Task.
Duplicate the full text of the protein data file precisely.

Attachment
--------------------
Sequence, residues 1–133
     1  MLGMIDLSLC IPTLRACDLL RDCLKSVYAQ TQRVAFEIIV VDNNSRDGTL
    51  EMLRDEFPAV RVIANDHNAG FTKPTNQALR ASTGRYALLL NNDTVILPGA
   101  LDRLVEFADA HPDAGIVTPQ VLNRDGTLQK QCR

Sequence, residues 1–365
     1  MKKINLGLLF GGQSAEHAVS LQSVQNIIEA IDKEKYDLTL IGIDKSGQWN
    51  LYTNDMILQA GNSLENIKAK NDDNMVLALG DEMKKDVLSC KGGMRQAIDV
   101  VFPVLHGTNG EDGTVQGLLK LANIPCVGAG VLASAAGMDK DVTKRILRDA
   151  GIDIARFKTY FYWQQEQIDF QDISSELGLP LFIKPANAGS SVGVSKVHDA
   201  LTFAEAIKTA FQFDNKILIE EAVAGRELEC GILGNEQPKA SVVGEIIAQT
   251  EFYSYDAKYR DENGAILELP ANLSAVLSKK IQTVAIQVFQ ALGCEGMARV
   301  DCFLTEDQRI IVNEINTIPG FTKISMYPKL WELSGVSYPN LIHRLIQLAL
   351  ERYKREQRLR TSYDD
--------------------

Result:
Sequence, residues 1–133
     1  MLGMIDLSLC IPTLRACDLL RDCLKSVYAQ TQRVAFEIIV VDNNSRDGTL
    51  EMLRDEFPAV RVIANDHNAG FTKPTNQALR ASTGRYALLL NNDTVILPGA
   101  LDRLVEFADA HPDAGIVTPQ VLNRDGTLQK QCR

Sequence, residues 1–365
     1  MKKINLGLLF GGQSAEHAVS LQSVQNIIEA IDKEKYDLTL IGIDKSGQWN
    51  LYTNDMILQA GNSLENIKAK NDDNMVLALG DEMKKDVLSC KGGMRQAIDV
   101  VFPVLHGTNG EDGTVQGLLK LANIPCVGAG VLASAAGMDK DVTKRILRDA
   151  GIDIARFKTY FYWQQEQIDF QDISSELGLP LFIKPANAGS SVGVSKVHDA
   201  LTFAEAIKTA FQFDNKILIE EAVAGRELEC GILGNEQPKA SVVGEIIAQT
   251  EFYSYDAKYR DENGAILELP ANLSAVLSKK IQTVAIQVFQ ALGCEGMARV
   301  DCFLTEDQRI IVNEINTIPG FTKISMYPKL WELSGVSYPN LIHRLIQLAL
   351  ERYKREQRLR TSYDD